What I mean by this is if you drew some imaginary arrows by the side of your feet to show which way you are applying pressure would the arrows be pointing outward, inward, forward, backward or nothing at all?

K.
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MatsuShinshii
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Joined: 15 Aug 2016
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Styles: Machimura Suidi Rokudan, Ryukyu Kenpo, Kobudo, Judo

PostPosted: Wed Jun 20, 2018 6:27 pm    Post subject: Reply with quote

Kusotare wrote:
Can I throw something else out there?

When standing in your preferred stance, are you pulling, pushing or remaining neutral?

What I mean by this is if you drew some imaginary arrows by the side of your feet to show which way you are applying pressure would the arrows be pointing outward, inward, forward, backward or nothing at all?

K.


In Naihanchi, I would say all of the above. If you think about the applications, they pretty much cover the spectrum you just described. Obviously not both feet at the same time. Meaning if you're executing a technique to the right side the arrows would be inside for your front foot and outside for your rear foot based on the direction of force. Obviously from a front view there would be no front or back foot. Hope that made sense.
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Kusotare
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PostPosted: Thu Jun 21, 2018 9:42 am    Post subject: Reply with quote

MatsuShinshii wrote:
Kusotare wrote:
Can I throw something else out there?

When standing in your preferred stance, are you pulling, pushing or remaining neutral?

What I mean by this is if you drew some imaginary arrows by the side of your feet to show which way you are applying pressure would the arrows be pointing outward, inward, forward, backward or nothing at all?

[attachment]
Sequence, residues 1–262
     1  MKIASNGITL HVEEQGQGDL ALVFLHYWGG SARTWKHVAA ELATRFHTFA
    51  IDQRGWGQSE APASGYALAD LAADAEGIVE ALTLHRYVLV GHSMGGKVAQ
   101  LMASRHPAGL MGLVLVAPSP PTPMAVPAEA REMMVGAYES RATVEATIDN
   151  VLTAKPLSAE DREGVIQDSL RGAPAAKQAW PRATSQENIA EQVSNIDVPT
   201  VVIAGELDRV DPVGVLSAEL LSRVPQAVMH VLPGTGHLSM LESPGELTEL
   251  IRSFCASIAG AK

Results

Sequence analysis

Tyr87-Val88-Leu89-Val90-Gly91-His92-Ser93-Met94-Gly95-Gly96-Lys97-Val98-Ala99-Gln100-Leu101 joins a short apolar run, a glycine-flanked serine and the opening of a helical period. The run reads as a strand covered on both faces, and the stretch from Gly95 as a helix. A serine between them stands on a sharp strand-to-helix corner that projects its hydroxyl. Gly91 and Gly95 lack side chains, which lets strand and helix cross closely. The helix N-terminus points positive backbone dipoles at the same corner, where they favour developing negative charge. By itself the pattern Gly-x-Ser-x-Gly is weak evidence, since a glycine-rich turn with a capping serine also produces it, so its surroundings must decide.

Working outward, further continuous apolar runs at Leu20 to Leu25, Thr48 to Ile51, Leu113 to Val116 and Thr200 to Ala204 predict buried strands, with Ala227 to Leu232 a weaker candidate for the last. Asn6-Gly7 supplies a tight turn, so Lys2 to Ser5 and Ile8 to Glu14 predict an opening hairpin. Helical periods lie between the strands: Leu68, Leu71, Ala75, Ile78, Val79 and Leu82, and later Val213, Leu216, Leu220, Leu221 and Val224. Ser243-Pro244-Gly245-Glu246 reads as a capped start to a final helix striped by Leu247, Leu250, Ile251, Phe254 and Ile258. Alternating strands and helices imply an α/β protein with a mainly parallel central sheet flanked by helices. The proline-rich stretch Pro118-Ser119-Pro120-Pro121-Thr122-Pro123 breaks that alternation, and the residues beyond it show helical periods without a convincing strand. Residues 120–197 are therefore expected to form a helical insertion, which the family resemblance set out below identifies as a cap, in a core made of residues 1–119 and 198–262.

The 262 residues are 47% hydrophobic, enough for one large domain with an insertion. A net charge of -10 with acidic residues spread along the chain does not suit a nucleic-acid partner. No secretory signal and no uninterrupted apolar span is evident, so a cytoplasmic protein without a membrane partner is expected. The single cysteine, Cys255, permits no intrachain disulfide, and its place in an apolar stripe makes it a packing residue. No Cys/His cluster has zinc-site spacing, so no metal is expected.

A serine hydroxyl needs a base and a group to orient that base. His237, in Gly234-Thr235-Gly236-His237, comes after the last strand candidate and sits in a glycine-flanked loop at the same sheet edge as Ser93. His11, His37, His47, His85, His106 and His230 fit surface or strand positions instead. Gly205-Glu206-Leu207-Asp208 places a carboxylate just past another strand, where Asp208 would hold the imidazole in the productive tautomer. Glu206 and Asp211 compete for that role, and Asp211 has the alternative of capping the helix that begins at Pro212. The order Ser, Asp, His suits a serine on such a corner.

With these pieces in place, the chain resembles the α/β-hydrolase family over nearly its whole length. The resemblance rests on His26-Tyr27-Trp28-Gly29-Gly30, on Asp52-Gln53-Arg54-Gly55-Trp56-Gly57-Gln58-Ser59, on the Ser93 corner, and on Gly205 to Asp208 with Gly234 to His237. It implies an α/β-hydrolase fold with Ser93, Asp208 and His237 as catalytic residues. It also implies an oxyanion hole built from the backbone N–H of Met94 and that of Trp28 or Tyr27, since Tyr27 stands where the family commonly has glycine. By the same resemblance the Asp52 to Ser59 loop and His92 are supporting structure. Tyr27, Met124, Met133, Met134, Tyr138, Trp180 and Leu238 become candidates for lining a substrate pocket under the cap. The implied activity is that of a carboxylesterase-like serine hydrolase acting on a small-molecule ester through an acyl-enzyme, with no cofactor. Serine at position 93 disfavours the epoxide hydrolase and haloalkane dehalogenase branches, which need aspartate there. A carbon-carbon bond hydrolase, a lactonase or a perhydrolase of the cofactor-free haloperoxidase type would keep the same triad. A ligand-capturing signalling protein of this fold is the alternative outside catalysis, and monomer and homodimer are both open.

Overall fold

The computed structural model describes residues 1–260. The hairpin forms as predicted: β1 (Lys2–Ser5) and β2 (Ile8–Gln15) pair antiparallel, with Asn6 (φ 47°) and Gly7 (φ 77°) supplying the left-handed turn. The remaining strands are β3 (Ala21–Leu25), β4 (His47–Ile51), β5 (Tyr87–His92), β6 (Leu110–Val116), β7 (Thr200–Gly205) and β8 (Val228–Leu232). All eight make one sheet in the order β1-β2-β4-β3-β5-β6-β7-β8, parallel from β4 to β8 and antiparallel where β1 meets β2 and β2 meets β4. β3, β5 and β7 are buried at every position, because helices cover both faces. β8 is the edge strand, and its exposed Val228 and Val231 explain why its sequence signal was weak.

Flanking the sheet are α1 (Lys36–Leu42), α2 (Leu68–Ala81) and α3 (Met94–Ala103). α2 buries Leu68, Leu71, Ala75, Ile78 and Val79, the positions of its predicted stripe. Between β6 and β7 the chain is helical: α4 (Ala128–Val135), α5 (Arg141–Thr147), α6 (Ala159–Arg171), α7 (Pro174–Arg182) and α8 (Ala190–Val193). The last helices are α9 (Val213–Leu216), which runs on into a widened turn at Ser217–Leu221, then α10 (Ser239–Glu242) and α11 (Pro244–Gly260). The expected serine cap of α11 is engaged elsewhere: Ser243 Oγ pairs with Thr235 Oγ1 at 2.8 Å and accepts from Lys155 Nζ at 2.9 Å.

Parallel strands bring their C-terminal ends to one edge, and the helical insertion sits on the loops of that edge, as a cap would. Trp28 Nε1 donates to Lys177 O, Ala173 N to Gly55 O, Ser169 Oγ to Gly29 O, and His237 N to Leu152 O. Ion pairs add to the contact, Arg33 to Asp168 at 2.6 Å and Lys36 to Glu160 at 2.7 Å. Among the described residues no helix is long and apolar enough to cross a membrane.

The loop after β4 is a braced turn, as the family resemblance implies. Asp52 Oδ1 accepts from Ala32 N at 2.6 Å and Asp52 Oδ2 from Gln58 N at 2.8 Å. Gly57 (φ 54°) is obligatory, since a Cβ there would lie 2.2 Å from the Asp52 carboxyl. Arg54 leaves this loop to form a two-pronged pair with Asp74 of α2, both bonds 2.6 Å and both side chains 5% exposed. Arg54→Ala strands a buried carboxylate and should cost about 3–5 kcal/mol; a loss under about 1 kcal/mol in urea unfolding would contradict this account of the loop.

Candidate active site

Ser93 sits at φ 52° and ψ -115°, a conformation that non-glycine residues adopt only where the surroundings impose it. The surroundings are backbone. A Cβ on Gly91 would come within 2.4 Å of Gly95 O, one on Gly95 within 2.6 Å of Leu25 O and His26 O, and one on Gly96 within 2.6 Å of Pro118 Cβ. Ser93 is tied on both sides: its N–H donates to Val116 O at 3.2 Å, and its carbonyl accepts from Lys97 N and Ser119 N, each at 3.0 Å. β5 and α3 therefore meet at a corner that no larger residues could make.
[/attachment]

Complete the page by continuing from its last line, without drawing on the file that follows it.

K.


In Naihanchi, I would say all of the above. If you think about the applications, they pretty much cover the spectrum you just described. Obviously not both feet at the same time. Meaning if you're executing a technique to the right side the arrows would be inside for your front foot and outside for your rear foot based on the direction of force. Obviously from a front view there would be no front or back foot. Hope that made sense.


Actually, I was thinking about both feet at a time - and whilst performing the kata (not as part of any application).

K.
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Wastelander
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Styles: Shorin-Ryu, Shuri-Ryu, Judo, KishimotoDi

PostPosted: Fri Jun 22, 2018 2:56 pm    Post subject: Reply with quote

Thank you, everyone, for your replies.

@barefoot-kohai - I'm familiar with the stance used in Shotokan--it's the same one used in Shuri-Ryu when I learned Naihanchi, there, and it hurt my knees and ankles. I was really looking for the reasoning behind using the stance, rather than just which stance you use, though

@MatsuShinshii - I've seen varying degrees from Matsumura Seito folks, but it does tend to be a stance with the toes pointed outward enough for me to consider it a shiko-dachi, for the purposes of this thread. Do you know what the reasoning is, in your style, for using that stance as opposed to a stance with the toes forward or inward, by chance?

@Kusotare - It sounds like you're saying the Naihanchi-dachi you use in Wado-Ryu is purely for biomechanical study purposes? To address your question about the stances, the feet tend to be twisting inward while exerting enough outward pressure to maintain a springiness to the stance, but as MatsuShinshii says, the stance pressure changes based on the applications for us. The solo kata is not divorced from the application in the way we train